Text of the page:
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Hi,

I've been seeing this phrase a fair bit at my workplace and I'd like to ask if this is a correct usage of the word "inform"? I'm puzzled as I've not seen it used this way before.

Examples of how it's used at my workplace are: "The feedback received will inform the ongoing discussions and formal tender process separately"; "The strategic futures interviews we conduct will inform our future plans" etc.

I would have just used "guide" or "shape" instead. Curious to hear your views. Thanks!
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AnonymousI'm puzzled as I've not seen it used this way before.
Yes, it's a less used meaning, but you will see it fairly often. The idea is "give form to" in the sense of "make sense of" or "make understandable in a deeper way".
AnonymousI would have just used "guide" or "shape" instead.
Those are also possibilities for explaining that usage of "inform".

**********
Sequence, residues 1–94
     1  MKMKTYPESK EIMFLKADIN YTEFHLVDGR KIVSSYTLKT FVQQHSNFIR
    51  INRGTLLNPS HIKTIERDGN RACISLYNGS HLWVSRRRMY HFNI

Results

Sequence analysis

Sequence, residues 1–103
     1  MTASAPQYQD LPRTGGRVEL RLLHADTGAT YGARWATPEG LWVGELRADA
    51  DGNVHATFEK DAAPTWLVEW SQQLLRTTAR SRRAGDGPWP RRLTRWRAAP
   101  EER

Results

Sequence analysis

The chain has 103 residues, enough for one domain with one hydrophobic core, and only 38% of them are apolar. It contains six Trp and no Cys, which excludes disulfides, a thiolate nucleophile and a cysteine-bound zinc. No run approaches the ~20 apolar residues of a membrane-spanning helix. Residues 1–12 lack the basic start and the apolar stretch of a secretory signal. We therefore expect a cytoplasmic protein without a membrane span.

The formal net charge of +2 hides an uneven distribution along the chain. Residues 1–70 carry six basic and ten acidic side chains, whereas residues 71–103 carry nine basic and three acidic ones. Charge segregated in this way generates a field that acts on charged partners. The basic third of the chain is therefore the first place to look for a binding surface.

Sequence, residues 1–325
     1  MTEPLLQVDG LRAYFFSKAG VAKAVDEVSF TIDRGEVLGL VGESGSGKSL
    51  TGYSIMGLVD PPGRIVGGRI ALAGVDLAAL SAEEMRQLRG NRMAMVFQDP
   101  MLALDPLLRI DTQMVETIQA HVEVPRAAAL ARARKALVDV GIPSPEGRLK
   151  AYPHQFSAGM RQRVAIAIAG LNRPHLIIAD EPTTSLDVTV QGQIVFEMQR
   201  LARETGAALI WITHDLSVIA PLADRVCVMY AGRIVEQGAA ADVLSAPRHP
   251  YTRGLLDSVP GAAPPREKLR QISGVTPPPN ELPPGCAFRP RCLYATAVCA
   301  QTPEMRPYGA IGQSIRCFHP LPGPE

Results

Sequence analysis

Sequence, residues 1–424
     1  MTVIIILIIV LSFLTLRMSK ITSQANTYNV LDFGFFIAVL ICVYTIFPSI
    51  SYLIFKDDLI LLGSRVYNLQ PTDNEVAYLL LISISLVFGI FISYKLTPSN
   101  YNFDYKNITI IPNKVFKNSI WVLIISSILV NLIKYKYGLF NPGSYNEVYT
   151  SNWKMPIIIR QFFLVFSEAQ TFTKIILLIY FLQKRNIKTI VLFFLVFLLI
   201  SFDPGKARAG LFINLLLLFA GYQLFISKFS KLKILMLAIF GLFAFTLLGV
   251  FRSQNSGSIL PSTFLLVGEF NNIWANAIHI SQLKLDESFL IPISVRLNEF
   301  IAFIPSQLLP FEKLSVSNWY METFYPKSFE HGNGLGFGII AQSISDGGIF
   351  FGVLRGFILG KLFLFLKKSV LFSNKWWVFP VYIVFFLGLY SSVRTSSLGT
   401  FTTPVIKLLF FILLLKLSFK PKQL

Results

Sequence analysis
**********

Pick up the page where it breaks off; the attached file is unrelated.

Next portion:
CJ
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Thanks for the feedback! This will undoubtedly help us better inform and prepare our future TDY’s.

This will undoubtedly help us better inform and prepare our future TDY’s.It doesn't sound quite right to me to say that people inform their work.In the examples below, things (eg principles, eg compassion) inform people's work. INFORM2a : to give character or essence to the principles which inform modern teachingb : to be the characteristic quality of : animate the compassion that informs her workhttps://www.merriam-webster.com/dictionary/inform Clive